Angelica archangelica
Common Name: garden angelica 
Type: Herbaceous perennial
Family: Apiaceae
Native Range: Europe, Greenland, West Siberia
Zone: 5 to 7
Height: 3.00 to 6.00 feet
Spread: 2.00 to 4.00 feet
Bloom Time: June to August
Bloom Description: Greenish-white
Sun: Full sun to part shade
Water: Medium to wet
Maintenance: Low
Suggested Use: Naturalize, Rain Garden
Fruit: Showy


Easily grown in rich, slightly acidic, medium to wet soils in full sun to part shade. Full sun in northern areas. Perhaps best in sun dappled shade in St. Louis. Best with consistent moisture. Do not allow soils to dry out. This plant is a biennial (plants die after producing seed in the second year) that produces foliage in the first year and flowers in the second year. If flower stalks are removed prior to buds opening, the plants may last an additional year or two, but at the cost of loss of ornamental flowering. Plants may be grown from seed and may self-seed in optimum growing conditions if spent flower umbels are not removed. May also be propagated by root cuttings taken in the second year. Space new plants 4-6' apart in the landscape.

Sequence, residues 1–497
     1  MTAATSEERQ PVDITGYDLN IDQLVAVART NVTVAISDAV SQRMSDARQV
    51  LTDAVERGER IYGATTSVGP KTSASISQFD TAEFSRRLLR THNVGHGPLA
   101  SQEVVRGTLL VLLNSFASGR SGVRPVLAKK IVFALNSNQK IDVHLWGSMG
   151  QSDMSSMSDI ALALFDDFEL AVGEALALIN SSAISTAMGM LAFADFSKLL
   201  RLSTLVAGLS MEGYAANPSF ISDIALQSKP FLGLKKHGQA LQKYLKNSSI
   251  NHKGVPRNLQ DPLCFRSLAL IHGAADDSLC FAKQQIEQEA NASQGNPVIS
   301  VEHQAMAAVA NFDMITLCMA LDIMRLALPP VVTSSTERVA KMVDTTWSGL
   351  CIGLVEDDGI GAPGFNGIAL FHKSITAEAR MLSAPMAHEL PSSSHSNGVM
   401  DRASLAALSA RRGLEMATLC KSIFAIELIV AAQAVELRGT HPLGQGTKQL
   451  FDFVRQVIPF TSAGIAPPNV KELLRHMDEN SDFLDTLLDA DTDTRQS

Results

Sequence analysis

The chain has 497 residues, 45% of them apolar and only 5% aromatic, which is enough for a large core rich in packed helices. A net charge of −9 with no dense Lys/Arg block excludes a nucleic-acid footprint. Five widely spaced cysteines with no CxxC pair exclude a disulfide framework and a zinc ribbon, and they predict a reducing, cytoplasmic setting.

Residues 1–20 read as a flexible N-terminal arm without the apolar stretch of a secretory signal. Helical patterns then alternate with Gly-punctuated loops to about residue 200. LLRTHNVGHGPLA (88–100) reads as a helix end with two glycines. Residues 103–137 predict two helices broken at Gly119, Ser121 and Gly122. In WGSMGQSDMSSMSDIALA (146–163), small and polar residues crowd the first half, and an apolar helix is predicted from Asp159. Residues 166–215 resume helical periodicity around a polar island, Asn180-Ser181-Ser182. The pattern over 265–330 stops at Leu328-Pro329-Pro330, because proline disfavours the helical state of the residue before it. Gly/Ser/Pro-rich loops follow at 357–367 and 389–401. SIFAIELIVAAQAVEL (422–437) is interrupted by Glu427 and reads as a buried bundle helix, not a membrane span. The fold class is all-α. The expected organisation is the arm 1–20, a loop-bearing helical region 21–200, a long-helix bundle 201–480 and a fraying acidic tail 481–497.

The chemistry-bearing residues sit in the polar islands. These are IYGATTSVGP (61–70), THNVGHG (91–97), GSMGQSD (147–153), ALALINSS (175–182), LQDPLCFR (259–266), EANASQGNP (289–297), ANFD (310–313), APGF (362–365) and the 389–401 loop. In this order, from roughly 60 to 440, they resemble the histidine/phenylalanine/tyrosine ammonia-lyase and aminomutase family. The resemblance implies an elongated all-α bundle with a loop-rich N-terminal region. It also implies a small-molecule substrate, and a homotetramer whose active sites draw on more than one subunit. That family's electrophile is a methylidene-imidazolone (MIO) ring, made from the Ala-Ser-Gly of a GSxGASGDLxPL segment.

Noteworthy Characteristics

Angelica archangelica, commonly called garden angelica, is a bold, somewhat coarse, biennial that may be grown in the garden for both ornamental and culinary purposes. In the first year, it produces a clump of compound leaves. In the second year, a hollow-but-stout stem rises to 6' tall bearing large, ornamentally-attractive, globular flower umbels (each to 6" diameter). The flowers bloom in early summer, followed by seed that ripens in late summer. Plants die after the seed ripens. The compound, biternate, yellow-green leaves have distinctive inflated stem bases. Lower leaves typically grow to 2-3' long with toothed individual leaflets (to 3" long). Numerous tiny greenish-white flowers combine to form large, globular, compound umbels (to 6" diameter). Leaves, stems, roots and seeds (all with a taste of licorice) have been cultivated for many years for both culinary and medicinal purposes. Culinary uses include: (1) leaves may be added to mixed salads; (2) stalks and young shoots may be used like celery or crystallized in sugar for cake decorations or snacks; (3) leaves, seeds and roots may be used for making tea; (4) seed is commercially used for flavoring liqueurs (as Chartreuse). Plants also have a long folk history in Europe and Asia for medicinal uses.

Genus name was formerly Herba angelica and so named because an angel pointed out the medicinal qualities of the plant.


No serious insect or disease problems. Watch for spider mites, leaf miners and aphids.


This is a large biennial that needs lots of space, some shade, and moist to wet soils. Water gardens, stream/pond banks or wet meadows. Peripheries of borders or herb gardens as long as soil moisture requirements can be met.